The effort put forth by Microsoft and its hardware partners to introduce the Tablet PC into horizontal and vertical commercial markets, has only been partly successful, according to In-Stat/MDR. A recent report from the high-tech market research firm reports that the device, which was designed to counteract sluggish commercial PC sales, has been adopted in vertical markets, such as health care, real estate, and insurance. However, horizontal commercial markets have been somewhat hesitant to adopt a new PC form factor in a world of slow-growing IT budgets.
"Many vertical markets were accustomed to pen-based computing, and saw the Tablet PC as giving them the flexibility of pen-based computing plus access to all software that runs on Microsoft's XP operating system," said Brian O'Rourke, a senior analyst with In-Stat/MDR. "As a result, the vast majority of Tablet PCs that shipped in 2003 went to vertical applications." Within horizontal markets, Tablet PCs are particularly targeted at large enterprises. But, according to O'Rourke, "With limited IT budgets in the early part of this decade, and forecasts for annual increases in the 3% range over the next four to five years, enterprise IT managers have been hesitant to take a chance on a new PC form factor." However, In-Stat/MDR projects that as Tablet PC prices come down over the next few years, and Tablet PC software offerings increase, interest in horizontal markets will rise. Horizontal markets should start to make an impact on this market in 2005, as average selling prices fall below $2,000 for the first time.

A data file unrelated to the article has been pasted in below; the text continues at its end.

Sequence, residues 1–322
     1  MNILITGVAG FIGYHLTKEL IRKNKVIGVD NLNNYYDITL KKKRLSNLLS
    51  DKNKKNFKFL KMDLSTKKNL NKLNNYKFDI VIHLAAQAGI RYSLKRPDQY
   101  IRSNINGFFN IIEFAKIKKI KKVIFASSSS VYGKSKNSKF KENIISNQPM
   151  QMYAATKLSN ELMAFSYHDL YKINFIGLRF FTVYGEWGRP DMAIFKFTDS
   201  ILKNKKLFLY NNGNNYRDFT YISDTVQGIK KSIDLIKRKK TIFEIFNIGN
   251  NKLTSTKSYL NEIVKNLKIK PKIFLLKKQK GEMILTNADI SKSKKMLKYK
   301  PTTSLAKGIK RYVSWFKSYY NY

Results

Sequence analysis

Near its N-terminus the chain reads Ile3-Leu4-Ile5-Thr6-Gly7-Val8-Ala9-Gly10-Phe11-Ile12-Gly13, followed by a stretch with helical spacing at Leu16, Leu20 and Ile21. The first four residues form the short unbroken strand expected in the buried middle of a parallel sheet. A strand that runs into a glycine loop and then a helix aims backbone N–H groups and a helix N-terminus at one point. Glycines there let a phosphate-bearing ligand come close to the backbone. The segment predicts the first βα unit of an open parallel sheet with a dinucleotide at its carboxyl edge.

In-Stat/MDR has also found that:
Additional Tablet PC offerings over the past year should have a positive impact on the market. In 2003, Microsoft released Office 2003 with digital ink support, and this summer they will be releasing the Windows XP Tablet PC 2005 Edition that will offer a number of improvements that will enhance the utility of the Tablet PC.
Tablet PC vendors have been offering enhancements and new form factors to increase their popularity. In late 2003, both Gateway and Acer released Tablet PCs with 14-inch screens and Acer released the first true clamshell notebook with the Windows XP Tablet PC operating system.
There will be very little consumer interest in Tablet PCs.